Other than that, I thought the book was pretty tight. I liked the vision of the future where we, as humans, are basically ruining everything (because, well, we are) but at least we are doing one thing right: the world's currency is one's reputation (or "Whuffie," which is another word I did not love, but did not hate like "Bitchun").

Bill has a phrase that he frequently uses: "Most of the world's problems could be solved by a little common courtesy," (or "common fucking courtesy," depending on the situation...) and I have to agree. The future painted in this book also supports that theory and I enjoyed seeing how that played out in this imagined future.

After reading this book, I found I had Harry Potter Syndrome: where I wish (and maybe even expect, depending on how immersed I have been) that what I have been reading about is real. In HP's case, it's magic. In the case of this book, it was Internet and phone access inside of my head. I want it.

Did you end up reading it that weekend too? If so, what did you think? Maybe we could get a discussion going!


Saturday, September 17, 2011

Jenny's Book 9: Love


Well, my reading mojo seems to be completely gone. The combination of grief about my Grandma and the start of school means that watching TV has replaced reading as of late. I just find that it's harder to concentrate, especially if anything even remotely sad happens in a book. (This could explain why it took me 6 weeks to read Bury My Heart at Wounded Knee.)

Being that I'm already behind, I picked the shortest book left on my list: Toni Morrison's novel Love. It's a very tidy 202 pages. This will no doubt end up a pyrrhic victory, because 202 pages of Toni Morrison is probably equivalent to thousands of pages in a lesser writer. I find her work to be compelling and difficult. Beloved is my favorite of her novels, and I've read it several times. The first time while I was in college. I doubt I even "got" half of it. She's the kind of author that demands re-reading. I don't think I've read Beloved since Darius was born. Honestly, I'm a little afraid to. I can only imagine how much more brutal Sethe's choice would seem now that I am a mother.

I'm really wanting to get to Jose Saramago's Seeing, but I'd like to reread Blindness first. Clearly, that ain't happening this month. I'll keep you updated as to my progress.


PS. This is not the cover of the book I'm reading. I have a hardback---I found the Amazon receipt inside. It was shipped to my house in Oakland, and I placed the order for it on October 31, 2003! I love finding the receipts inside of books---knowing the "where and when" of the purchase is strangely satisfying.

Bury My Heart at Wounded Knee


It is no exaggeration to say that this was the most brutally depressing book I have ever read.

The book is subtitled "An Indian History of the American West." It covers roughly 1860-1890, when the last remaining free Indian tribes were harassed, killed, arrested, rounded up, forced to surrender, and moved to reservations. Often those reservations were nowhere near their original homelands. Basically every single promise and treaty made with the Indians was broken in the course of opening the Western territories to white settlers.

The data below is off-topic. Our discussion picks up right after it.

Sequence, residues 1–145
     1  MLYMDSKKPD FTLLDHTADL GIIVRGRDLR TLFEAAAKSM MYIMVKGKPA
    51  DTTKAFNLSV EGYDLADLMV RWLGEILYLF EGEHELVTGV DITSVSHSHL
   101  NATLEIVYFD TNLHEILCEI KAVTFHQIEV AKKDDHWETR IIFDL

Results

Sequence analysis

I really don't know what else to say about this book. The stories are heartbreaking. And it didn't matter if the Indians fought back, agreed to peace, tried to escape, or fled across the borders. The might of the United States government was brought to bear upon the tribes. Literally...literally...there was no way for them to win. They were attacked no matter what, and sooner or later they were all forced into reservations. Guess what happened there? They were starved, and eventually reservation lands were stolen from them, too. Anyone who tried to help them was removed from his position. The policy of the US Government was simple: remove the Indians from any valuable land, kill any Indians that resisted or held positions of respect, and then strip away their Indian identities by teaching them to adopt white ways.

While reading Bury My Heart, I did find myself ruminating on the state of the world today. I'm a bleeding heart liberal, and I like to think that people can be good to each other. I'm often appalled by the violence in the world, especially that perpetrated against the most vulnerable and poverty stricken citizens. (At one point, Sitting Bull travels around the country with Buffalo Bill's Wild West show, but he donates all of his money to the urchins that follow the show. He said, "The white man knows how to make everything, but he doesn't know how to distribute it." That's a fairly accurate comment even today, when our poverty rate is soaring while the rich control more and more of the country's wealth.) But books like this make it pretty damn clear that people are more predisposed to evil than good when it comes to other people. I think that's why it was so depressing. If people really are good, there isn't a whole lot of evidence to support that assertion. Maybe I should be less surprised at the state of the world?

Anyways, the photograph above is of Red Cloud, one of the last, great Sioux chiefs. He was quoted in his old age as saying, "They made us many promises, more than I can remember, but they never kept but one: they promised to take our land, and they took it."